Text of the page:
Wolf Deception



Letters to the Editor / Fairbanks Daily News-Miner / March 15, 2004



To the Editor:

From living on the land and waters in the Interior of Alaska all my life, I find it very disturbing that the Wildlife Alliance and other out-of-state groups have a say that adversely affects my way of living in the Interior.

I can see the benefits of having tourists viewing wildlife for their pleasure, but that's all they see or would want to see: a utopian environment. This dreamland where these wildlife huggers can see only what they want to and not view the picture as a whole life cycle of the wolf and the animals it preys upon. To understand how the wolf really is, you have to put yourself in the wolf's world, not in a world that's full of imagination and try to change a way of life of people and animals based on myths.

A lone wolf will prey upon small animals and even dogs on a chain in villages. Two wolves will take on bigger game such as moose. They do this by biting the hind legs. This is called hamstringing the moose. When this happens, the moose cannot run away or defend itself, because of the pain and infection in its hind leg. Now I don't think the wildlife huggers would want to see this.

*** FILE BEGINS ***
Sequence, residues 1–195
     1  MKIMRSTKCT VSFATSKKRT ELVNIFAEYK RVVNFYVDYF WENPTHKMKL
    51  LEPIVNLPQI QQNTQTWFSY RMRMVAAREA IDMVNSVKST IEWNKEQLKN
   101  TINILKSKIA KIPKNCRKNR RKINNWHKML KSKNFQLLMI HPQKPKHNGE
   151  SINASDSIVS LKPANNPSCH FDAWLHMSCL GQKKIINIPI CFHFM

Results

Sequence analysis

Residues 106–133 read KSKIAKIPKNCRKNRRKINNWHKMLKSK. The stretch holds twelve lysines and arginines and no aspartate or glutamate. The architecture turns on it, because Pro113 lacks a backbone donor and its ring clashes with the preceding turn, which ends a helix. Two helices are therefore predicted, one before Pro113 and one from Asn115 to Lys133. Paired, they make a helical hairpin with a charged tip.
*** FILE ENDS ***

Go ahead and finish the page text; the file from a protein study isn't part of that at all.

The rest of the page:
A pack of wolves would just tear the moose up and eat it alive. Would the wildlife huggers want to see that? The point is, there are too many wolves and their food is disappearing, and this is happening before my eyes. From my grandpa's time, when there was too many wolves, he would kill them to have the other animals around for a balanced environment. When the wildlife gets out of balance, a species dies off. This is what is happening to the moose. A pack of five wolves or more eat more than five moose a month. Picture that.

I support what the Alaska Department of Fish and Game and the governor are doing for the McGrath moose population, and hopefully they would expand their operation to this area.

-- Gerald Nicholia / Tanana



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